As early as 800 B.C. Homer talked about painted warships sailing into Troy. These ships were caulked with beeswax and colored with pigmented wax. Many Greek statues, now a glistening white, were at one time painted in the encaustic method. The most famous surviving encaustic art is seen in the Fayum portraits of Egypt.

The confluence of cultures, Roman, Greek and Egyptian, after Alexander's conquest of the Egyptian Nile delta in 330 B.C, created a tremendous synergy in the arts. The Romans adopted the Egyptian manner of wrapping the deceased but kept the portrait (created for the coffin or “mummy case”) in a more traditional style. Grecian Krater vases have been found with detailed images of painters using tools heated in a brazier to apply the wax to the surface though some were painted with wax emulsion (Punic wax, beeswax boiled with sea water and potassium carbonate then bleached by the sun). The handling of the wax in these Greco-Roman portraits is very classically thin, dark to light layers with some impasto for jewels and fabrics. Gold was painted on after death to acknowledge the transition from temporal earthly life to a more timeless spiritual existence. An interesting aside, when full length mummified remains were examined the bottoms of the feet were worn off and it is believed that the mummies were kept standing on display for quite some time prior to removal to the burial site.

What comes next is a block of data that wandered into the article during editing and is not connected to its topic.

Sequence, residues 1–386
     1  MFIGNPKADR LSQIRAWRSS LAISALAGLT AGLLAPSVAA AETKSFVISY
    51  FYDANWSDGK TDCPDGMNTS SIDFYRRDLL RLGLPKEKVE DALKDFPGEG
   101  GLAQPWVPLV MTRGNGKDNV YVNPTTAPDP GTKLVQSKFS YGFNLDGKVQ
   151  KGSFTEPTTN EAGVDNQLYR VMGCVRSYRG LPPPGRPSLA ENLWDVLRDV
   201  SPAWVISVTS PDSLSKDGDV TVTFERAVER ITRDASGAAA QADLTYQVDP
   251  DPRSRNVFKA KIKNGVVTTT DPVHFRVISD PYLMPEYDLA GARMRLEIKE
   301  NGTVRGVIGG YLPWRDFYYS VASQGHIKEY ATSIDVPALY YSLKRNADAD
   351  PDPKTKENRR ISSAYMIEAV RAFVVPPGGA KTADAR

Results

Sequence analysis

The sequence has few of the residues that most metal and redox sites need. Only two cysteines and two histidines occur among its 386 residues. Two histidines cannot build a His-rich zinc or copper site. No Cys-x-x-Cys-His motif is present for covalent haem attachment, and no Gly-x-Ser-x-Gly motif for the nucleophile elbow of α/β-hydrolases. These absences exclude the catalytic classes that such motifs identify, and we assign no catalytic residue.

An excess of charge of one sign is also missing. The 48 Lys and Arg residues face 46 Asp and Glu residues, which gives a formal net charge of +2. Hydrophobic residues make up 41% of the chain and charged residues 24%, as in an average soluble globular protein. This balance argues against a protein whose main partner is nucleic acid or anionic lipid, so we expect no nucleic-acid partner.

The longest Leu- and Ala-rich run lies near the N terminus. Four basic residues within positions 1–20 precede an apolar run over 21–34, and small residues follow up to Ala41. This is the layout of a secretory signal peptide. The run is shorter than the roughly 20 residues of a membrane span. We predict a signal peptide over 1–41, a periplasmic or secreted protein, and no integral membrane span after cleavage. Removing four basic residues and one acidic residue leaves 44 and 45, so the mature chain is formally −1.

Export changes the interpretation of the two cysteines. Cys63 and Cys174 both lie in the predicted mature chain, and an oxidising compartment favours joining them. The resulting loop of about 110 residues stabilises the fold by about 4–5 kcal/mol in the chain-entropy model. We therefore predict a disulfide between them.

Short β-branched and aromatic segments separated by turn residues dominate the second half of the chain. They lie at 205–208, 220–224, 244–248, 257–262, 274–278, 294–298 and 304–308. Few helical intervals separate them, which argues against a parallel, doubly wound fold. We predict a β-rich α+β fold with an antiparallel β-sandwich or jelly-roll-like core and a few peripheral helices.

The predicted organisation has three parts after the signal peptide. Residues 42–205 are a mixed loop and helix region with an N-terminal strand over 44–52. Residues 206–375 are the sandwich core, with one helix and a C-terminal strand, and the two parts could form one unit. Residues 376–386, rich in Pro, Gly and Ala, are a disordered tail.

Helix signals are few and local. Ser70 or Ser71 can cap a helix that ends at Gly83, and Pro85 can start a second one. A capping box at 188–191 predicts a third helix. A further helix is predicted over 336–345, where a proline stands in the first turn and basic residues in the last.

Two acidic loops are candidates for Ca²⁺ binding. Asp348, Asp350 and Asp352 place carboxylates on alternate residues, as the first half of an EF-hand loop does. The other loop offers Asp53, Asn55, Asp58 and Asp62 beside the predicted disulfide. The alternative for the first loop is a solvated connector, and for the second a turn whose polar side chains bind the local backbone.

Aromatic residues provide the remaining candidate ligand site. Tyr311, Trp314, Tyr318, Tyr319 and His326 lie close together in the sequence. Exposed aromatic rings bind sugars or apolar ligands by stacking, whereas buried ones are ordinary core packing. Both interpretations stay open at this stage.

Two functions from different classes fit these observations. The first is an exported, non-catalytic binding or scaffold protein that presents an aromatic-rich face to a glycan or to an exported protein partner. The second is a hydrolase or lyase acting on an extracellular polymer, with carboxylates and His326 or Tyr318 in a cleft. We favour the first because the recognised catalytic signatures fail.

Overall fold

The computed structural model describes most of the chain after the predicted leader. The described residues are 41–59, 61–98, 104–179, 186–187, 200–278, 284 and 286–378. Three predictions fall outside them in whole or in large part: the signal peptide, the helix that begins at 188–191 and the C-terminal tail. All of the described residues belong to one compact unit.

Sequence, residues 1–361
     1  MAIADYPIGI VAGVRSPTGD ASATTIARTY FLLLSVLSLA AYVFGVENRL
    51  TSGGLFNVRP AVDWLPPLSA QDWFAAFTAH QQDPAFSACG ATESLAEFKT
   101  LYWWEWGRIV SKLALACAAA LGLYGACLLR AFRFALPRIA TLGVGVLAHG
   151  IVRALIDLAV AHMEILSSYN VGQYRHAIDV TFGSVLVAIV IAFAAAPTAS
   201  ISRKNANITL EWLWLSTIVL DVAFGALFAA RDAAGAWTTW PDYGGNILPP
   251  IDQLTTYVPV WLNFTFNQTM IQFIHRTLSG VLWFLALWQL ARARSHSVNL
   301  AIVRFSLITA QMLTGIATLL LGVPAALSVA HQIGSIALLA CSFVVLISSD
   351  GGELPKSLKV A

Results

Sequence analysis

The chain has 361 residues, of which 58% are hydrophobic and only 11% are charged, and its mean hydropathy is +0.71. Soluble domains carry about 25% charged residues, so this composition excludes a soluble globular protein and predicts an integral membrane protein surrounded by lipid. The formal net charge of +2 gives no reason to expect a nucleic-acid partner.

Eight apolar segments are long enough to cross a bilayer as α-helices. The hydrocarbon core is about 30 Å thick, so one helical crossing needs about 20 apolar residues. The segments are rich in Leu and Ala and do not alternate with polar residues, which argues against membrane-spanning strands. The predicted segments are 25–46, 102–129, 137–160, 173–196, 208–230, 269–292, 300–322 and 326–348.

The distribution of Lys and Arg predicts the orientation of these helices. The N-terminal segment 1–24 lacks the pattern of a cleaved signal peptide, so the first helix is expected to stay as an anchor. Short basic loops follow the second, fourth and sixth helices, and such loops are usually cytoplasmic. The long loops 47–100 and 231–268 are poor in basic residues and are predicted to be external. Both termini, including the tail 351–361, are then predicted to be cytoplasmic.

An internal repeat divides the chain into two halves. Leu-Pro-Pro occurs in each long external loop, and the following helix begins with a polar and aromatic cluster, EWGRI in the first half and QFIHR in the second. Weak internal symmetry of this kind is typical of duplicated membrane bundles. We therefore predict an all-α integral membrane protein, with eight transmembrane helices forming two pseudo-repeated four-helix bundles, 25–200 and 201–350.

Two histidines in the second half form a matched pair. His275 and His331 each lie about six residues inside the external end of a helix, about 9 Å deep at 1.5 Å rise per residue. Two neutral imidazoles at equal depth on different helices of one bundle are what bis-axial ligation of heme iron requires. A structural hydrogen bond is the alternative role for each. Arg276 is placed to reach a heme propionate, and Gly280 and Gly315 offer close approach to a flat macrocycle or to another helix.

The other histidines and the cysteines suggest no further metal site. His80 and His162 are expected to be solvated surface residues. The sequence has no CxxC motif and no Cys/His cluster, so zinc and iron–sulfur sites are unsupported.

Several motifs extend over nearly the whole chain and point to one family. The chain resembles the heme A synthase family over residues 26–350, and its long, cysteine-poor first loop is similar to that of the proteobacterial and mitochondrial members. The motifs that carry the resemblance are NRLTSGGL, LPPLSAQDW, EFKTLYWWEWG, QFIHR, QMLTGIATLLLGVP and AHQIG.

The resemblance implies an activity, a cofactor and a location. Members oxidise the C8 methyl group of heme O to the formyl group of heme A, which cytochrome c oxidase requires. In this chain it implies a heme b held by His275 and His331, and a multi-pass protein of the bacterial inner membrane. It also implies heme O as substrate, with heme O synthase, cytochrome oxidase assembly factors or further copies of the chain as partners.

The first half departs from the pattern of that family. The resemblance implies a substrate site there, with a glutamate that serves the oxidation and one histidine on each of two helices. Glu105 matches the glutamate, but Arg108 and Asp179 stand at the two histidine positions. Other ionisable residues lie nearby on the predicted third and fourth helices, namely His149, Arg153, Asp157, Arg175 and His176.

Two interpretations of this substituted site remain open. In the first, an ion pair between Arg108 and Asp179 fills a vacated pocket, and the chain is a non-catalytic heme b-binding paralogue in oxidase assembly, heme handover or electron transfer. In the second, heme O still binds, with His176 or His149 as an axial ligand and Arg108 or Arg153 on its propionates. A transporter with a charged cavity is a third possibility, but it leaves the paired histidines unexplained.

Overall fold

The largest group of Greco-Roman “Fayum” (an oasis in Egypt) portraits dating to 100-125 A.D. were discovered in 1888 (British, W.M. Flinders-Petrie) in a Roman era cemetery at Hawara. By the 7th century encaustic was generally out of favor with the exception of Byzantine icons as easier methods such as tempera were being developed.

During the World War II years, artists materials were in scarce supply and artists were searching for a new means of expressing the impact of the war through their art. Thus, candle wax began a new era for encaustics. It was however a difficult medium with which to work and many artists were made ill by improper ventilation and heating practices. In the 1970’s, Jasper Johns flag and target paintings caused a modern revival of interest in the medium. With greater understanding of safety issues and, of course, electrical devices and propane torches it is a far safer and more flexible working method for today’s artists. Contemporary 2D and 3D artists, printmakers, photographers and mixed media artists find the medium seductive and produce a wide variety of encaustic works.